Ella Wheeler Wilcox met Swami Vivekananda in New York, in 1895.
From her book "THE WORLD AND I". (George H. Doran Co., New York. 1918)
The year following the Chicago Exposition and Congress of Religions, the East Indian Monk, Swami Vivekananda, came to New York and gave a course of lectures. My husband was then passing through a business crisis which required all of his courage and self-control. We first heard of these lectures in a — some what curious way. One evening, just after dinner, the postman brought a letter; it was from a stranger, addressed to me, and had been three times forwarded. It told of a lecture to be given by Vivekananda, giving the time and the place, and closed, saying; 'I feel sure, from what I read of your writings, that you will be interested.' The hall where the lecture was to be given was just two blocks from our apartment, and the date was just one hour from the time I received the letter. We had no other engagement for that evening, and my husband proposed going.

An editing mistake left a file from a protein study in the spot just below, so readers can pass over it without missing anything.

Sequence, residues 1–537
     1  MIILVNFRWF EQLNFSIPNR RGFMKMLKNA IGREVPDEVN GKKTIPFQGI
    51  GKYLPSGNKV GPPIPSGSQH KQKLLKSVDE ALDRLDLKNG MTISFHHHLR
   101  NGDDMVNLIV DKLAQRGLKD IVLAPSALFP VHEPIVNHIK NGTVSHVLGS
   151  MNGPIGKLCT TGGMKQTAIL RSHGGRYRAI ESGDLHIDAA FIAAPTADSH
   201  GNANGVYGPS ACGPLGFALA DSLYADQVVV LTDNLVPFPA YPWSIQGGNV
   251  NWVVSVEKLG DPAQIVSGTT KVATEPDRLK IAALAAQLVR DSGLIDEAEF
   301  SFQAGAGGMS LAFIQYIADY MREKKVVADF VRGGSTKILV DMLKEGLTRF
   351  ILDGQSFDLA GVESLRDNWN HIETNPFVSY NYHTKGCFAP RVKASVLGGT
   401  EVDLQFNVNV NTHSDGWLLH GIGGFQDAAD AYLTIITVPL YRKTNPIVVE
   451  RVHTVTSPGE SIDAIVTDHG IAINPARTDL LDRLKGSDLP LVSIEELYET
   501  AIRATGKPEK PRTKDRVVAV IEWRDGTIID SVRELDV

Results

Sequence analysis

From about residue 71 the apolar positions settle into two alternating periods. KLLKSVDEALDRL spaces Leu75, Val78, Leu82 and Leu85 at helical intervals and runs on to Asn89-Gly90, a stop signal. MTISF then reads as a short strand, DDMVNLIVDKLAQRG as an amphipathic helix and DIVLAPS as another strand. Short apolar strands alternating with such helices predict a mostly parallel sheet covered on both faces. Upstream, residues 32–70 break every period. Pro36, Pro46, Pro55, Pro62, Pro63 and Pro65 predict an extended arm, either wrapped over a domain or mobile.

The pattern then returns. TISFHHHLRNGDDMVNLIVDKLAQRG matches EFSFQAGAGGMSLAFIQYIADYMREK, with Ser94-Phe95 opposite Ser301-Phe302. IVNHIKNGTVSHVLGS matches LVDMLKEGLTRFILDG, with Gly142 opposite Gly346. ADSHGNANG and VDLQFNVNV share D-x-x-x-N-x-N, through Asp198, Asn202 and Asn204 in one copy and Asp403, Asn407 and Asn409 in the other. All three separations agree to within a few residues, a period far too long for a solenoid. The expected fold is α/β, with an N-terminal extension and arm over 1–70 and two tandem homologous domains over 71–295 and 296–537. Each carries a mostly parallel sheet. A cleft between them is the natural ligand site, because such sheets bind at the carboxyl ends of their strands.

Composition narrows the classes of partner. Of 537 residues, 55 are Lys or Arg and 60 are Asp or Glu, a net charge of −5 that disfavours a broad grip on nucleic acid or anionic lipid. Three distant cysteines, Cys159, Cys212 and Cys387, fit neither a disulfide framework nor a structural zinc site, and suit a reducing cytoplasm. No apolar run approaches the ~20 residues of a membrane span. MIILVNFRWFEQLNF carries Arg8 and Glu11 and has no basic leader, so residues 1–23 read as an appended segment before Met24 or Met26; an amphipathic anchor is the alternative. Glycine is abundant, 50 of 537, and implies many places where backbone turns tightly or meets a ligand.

We reached the hall just as Vivekananda was going on the stage in his robe and turban. We sat in the very last seat of the hall, clasping each other's hands as the impressive orator gave a never-to-be-forgotten talk on things spiritual. When we went out my husband said: 'I feel that man knows more of God than we do. We must both hear him again.'
My husband attended with me not only a number of evening lectures, but on several occasions came from his business office during the day to listen to the Swami. I remember him saying, as we went out on the street one day: 'This man makes me rise above every business worry; he makes me feel how trivial is the whole material view of life and how limitless is the life beyond. I can go back to my troubles at the office now with new strength.'